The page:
If you have noticed that you are grinding your teeth when sleeping, or habitually clenching your jaws throughout the day, you may have what clinical health care providers call Bruxism. Grinding teeth at night, as well as clenching teeth during the day, is an ailment that affects millions of people worldwide, both males and females, from kids through to adults.
Because it quite often happens when we sleep, a lot of people do not even know that they suffer from the condition.
What is Bruxism?
In layman’s terms, Bruxism is the clinical term for teeth grinding. This condition affects many people, especially when they are sleeping, so they may not even notice that they are doing it.
Because the teeth are not designed to be clenched continually, Bruxism can wear down and damage the enamel on the teeth. This can cause long term damage to your teeth if not recognized and treated early.
People who experience Bruxism are doing it unconsciously, and would certainly stop if they could. Many people do not exhibit symptoms from grinding teeth at night. Those that do often awaken in the morning with an aching jaw, and delicate gums and teeth. Also, you might discover that your facial muscles are tight and unpleasant.
Not only do the suffers of this condition experience Bruxism, however quite often their partners are sufferers too. If you have Bruxism, your partner or roommates may notice you grinding and clenching teeth at night. This can affect their sleep too by having to put up with the irritating sounds of grinding teeth at night.
What causes Bruxism?
There are many things that can cause Bruxism. One of the more common reasons is stress, but other causes can also include diet and hydration, illness, drug use, or side effects from prescription drugs.
Stress generated Bruxism is often the most common reason for this condition, and is generally prompted by the stress you withstand throughout your daily routine.
How to stop grinding teeth at night
There is a few things you can try that might help to lessen or stop your Bruxism.
Since stress is often a major contributor, participating in stress relief and relaxation techniques can be of assistance. This can include meditation and counseling. Also ensuring that you do not have any stimulants before you go to bed, such as caffeine, can help you relax and have a restful night’s sleep.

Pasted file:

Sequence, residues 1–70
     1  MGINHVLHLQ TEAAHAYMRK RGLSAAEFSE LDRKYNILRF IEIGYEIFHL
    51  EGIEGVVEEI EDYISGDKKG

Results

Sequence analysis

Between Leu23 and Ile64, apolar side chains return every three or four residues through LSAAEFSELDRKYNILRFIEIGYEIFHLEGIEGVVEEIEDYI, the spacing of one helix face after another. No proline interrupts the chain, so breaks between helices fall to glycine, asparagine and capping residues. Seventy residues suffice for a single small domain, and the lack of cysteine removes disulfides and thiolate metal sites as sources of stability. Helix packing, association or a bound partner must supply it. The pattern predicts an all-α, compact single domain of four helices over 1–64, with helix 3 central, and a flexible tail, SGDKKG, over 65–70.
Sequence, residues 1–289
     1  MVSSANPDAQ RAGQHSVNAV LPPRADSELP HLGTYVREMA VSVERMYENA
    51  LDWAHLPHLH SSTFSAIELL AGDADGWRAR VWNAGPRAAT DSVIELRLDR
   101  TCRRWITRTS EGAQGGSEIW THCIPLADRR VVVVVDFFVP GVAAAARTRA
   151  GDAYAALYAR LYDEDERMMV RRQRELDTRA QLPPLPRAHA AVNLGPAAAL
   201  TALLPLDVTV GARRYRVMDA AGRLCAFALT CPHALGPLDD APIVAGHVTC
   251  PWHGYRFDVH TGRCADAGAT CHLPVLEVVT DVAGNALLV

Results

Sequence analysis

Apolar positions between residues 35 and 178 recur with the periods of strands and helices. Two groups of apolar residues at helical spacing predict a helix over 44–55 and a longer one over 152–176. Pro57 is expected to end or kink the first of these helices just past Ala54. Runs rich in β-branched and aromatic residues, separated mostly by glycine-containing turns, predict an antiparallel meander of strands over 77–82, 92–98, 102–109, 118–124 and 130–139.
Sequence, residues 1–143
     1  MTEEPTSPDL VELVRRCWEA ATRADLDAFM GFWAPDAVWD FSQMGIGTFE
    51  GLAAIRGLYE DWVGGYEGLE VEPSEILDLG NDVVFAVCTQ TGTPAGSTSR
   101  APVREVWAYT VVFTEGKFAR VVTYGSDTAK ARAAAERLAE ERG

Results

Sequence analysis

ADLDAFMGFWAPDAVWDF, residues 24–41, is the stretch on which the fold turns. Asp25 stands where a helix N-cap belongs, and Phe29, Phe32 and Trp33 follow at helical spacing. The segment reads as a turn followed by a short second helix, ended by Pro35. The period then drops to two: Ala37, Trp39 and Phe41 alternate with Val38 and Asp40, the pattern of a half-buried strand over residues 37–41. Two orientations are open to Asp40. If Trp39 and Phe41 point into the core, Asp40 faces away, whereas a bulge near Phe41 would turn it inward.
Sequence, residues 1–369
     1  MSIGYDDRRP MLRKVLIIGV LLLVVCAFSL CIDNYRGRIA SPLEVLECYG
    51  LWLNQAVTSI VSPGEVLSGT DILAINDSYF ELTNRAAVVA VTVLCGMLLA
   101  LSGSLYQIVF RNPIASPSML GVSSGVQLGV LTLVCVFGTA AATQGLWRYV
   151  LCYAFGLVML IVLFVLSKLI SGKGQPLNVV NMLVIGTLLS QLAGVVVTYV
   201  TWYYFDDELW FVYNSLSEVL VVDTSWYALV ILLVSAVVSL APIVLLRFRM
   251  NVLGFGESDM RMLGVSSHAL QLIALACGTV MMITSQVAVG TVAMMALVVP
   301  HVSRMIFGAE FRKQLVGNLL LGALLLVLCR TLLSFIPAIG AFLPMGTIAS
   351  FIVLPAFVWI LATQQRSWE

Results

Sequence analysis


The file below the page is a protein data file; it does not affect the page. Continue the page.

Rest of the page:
For people that experience an aching or tender jaw, there are some exercises you can engage in daily that can reduce the severity, and can make your evenings much more restful. One particular physical exercise is for you massage the muscles in the corner of your jaw. When we carefully rub these muscles and tendons, it increases the blood flow to the Temporomandibular joint of the jaw. This can be especially beneficial to finding relief for those that experience Bruxism.
The massaging can help lessen the pain that is a by-product of your TMJ associated Bruxism. This massage can help with the pain you might have beginning in the corner of the jaw, moving up to your temple, and around to the foundation of your neck and throat. Understanding the correct method for this physical exercise is the key to finding some immediate relief for any kind of pain.
When you visit your dentist, he or she might recommend that you use a mouth guard for teeth grinding to assist with your Bruxism. This guard, which you wear at night, won’t actually stop Bruxism, but will assist in stopping further damage to your teeth, and can lessen the stress your jaw muscles experience. An evening mouthguard is similar to a sports mouthguard and is made from a latex material that fits the upper and lower teeth and guards them from evening time grinding.
For more information on dental guards, click here.
Getting more information on Bruxism
If your teeth have been damaged already, your dentist will make recommendations for the best options available for the affected teeth. This might include putting caps or crowns on the affected and broken teeth.
One point to note is that there is no particular remedy for Bruxism, just things you can try to manage it. Your best resource to diagnose your condition is to look towards your dentist. They can check the condition of your teeth and advise if you have been grinding teeth at night, and provide recommendations specific to your personal circumstances.
If you wait too long and don’t do anything about it, your teeth can deteriorate causing irreparable damage. Grinding teeth at night can take place over years and go unnoticed, so it is important to speak to your dentist, and get it checked out ASAP if you have any suspicion you may be suffering from Bruxism.